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Panel: No evidence of ISTEP scores lowered

Posted at 10:48 AM, Dec 23, 2015
and last updated 2015-12-23 17:22:31-05

INDIANAPOLIS -- There was no evidence that a glitch in the Spring 2015 ISTEP+ scoring caused students to have lower scores, according to an analysis by a panel of three experts.

The glitch and fight over the results caused a delay in the release of the scores.

The panel was composed of Derek Briggs at the University of Colorado, Wes Bruce, an independent consultant, and Edward Roeber of the Michigan Assessment Consortium.

The panel found that "there does not appear to be a discernable impact of this scoring glitch on overall scores given to students' responses."

READ | Check out the full report

In a statement in response to the panel's review, Indiana Superintendent of Public Instruction Glenda Ritz said the doubt of the validity of the test scores causes "a ripple effect."

"Now more than ever, it is imperative that Indiana legislative and education leadership support a hold harmless approach for our teachers and our schools," Ritz said. "Holding our teachers and schools harmless will allow us to recognize the great work of educators and schools that saw ISTEP+ scores improve, while also giving much needed flexibility to those that saw a drop in scores due to the state’s move to more rigorous standards.”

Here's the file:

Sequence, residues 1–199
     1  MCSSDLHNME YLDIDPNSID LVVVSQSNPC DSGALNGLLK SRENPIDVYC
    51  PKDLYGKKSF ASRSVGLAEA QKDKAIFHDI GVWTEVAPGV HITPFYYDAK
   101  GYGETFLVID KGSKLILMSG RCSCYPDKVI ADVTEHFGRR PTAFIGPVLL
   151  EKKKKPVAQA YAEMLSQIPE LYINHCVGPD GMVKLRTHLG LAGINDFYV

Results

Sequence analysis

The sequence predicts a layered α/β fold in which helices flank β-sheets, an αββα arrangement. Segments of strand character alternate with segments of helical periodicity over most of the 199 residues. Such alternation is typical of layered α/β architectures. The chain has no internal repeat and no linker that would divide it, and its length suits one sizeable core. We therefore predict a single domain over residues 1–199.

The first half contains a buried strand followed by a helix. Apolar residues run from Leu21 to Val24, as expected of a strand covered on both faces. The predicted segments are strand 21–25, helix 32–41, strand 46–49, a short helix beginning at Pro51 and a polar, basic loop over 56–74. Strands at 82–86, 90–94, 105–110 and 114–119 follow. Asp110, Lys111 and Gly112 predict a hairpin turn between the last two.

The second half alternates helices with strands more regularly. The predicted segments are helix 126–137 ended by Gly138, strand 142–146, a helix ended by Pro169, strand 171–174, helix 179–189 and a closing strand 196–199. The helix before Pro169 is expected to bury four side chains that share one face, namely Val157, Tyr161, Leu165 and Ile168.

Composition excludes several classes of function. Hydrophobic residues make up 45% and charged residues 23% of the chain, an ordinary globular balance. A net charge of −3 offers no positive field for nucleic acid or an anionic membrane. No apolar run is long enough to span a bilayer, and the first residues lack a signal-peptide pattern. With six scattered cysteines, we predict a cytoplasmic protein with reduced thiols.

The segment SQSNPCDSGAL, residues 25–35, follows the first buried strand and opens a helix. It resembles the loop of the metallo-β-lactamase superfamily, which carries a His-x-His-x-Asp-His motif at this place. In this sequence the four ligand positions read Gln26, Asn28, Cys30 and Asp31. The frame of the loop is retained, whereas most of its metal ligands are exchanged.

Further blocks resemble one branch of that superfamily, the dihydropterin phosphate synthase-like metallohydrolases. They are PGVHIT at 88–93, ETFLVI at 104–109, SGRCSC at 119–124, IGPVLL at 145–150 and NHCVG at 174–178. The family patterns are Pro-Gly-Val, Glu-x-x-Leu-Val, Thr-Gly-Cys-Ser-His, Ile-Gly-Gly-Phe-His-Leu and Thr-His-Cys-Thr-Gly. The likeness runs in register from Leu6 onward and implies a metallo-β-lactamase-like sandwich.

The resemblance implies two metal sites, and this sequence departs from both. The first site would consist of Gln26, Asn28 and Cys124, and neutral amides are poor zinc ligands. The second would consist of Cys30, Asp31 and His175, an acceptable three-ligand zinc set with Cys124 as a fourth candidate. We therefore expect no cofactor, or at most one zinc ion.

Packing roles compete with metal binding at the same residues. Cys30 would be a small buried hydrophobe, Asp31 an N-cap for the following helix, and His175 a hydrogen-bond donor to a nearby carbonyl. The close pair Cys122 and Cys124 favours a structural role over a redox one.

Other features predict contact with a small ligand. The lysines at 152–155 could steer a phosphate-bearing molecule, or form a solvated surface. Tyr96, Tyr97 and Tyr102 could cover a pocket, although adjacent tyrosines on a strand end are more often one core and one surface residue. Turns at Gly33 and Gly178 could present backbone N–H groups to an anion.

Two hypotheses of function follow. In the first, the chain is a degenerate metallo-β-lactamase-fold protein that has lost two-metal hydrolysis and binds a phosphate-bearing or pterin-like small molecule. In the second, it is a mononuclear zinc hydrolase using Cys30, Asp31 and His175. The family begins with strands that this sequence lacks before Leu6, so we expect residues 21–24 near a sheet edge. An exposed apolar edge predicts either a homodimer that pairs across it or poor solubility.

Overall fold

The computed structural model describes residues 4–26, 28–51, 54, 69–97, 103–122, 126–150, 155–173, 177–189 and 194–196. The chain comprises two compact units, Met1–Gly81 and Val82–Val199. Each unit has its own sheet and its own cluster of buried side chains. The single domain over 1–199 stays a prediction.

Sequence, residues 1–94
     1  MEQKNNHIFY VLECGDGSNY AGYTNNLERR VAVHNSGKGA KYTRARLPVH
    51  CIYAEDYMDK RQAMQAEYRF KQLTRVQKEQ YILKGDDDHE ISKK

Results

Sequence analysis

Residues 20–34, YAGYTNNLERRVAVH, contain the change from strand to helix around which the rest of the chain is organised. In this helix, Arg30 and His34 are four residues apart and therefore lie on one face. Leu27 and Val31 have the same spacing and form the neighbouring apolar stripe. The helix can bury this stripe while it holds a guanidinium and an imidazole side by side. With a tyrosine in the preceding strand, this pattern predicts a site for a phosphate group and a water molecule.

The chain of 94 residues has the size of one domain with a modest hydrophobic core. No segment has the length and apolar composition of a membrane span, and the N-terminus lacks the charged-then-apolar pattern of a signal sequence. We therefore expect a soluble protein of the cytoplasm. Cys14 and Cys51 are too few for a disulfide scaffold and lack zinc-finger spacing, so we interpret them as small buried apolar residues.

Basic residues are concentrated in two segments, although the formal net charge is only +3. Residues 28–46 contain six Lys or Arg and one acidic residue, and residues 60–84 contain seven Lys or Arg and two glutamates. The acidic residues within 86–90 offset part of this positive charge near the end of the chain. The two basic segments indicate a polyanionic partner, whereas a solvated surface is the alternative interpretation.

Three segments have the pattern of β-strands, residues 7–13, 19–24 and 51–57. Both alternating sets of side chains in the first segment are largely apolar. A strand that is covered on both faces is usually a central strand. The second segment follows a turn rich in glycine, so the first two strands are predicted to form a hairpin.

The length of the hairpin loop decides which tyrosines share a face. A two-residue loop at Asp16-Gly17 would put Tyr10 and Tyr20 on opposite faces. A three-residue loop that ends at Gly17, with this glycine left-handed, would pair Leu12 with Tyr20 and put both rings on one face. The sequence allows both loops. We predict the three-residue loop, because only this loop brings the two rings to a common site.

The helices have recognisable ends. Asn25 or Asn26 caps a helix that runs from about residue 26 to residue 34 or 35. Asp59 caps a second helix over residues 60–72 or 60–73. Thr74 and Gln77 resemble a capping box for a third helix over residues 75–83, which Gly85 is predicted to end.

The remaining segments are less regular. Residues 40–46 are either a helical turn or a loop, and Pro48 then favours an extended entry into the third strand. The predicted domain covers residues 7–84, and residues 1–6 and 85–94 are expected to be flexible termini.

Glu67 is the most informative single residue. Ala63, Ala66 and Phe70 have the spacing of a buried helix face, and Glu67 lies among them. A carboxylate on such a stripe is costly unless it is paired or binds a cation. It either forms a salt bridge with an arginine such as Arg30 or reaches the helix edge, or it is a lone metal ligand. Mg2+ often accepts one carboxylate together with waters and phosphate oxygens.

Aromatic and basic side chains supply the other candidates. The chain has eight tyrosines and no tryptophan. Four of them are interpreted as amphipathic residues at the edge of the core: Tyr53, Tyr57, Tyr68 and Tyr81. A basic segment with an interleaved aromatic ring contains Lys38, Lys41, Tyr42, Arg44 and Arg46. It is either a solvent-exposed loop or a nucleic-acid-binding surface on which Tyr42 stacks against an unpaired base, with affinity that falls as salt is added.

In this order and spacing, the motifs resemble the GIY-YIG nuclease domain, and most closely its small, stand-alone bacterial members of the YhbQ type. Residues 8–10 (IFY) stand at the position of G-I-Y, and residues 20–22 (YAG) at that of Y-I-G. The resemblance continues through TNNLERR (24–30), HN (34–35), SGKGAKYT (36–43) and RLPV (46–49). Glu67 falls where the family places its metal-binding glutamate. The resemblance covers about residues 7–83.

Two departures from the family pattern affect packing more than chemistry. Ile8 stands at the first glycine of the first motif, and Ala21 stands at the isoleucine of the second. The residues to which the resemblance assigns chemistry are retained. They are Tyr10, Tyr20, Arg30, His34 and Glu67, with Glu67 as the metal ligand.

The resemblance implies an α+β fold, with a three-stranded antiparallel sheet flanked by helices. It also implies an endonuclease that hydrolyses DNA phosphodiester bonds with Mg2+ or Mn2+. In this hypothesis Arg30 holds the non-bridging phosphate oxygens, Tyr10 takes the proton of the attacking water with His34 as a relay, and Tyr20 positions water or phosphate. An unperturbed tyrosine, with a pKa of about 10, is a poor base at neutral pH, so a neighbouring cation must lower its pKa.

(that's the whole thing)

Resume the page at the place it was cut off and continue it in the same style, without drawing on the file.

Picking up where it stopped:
A spokeman for Governor Pence released this statement in response to the report:

"Governor Pence is grateful to the Indiana Department of Education for undertaking this investigation. While the results of the report are encouraging, the governor will continue to listen to local educators and school leaders to inform his discussions with the Indiana General Assembly. The governor appreciates that this is a transition year and he will continue to work with legislative leaders to ensure that test scores do not affect teacher bonuses or compensation and that schools are treated fairly."

Despite the update, Greenwood Superintendent Kent DeKoninck says he has little confidence in this year's results.

It's why he says the legislature shouldn't be working just to protect teachers, but it should be working to protect schools when it comes to how the scores impact them.

"We're at the point where there's just no confidence in the test itself," DeKoninck said. "This last year has really been a debacle. No one seems to have faith in those results. Why are we going to continue to grade schools and school districts when no one seems to have faith in those?"

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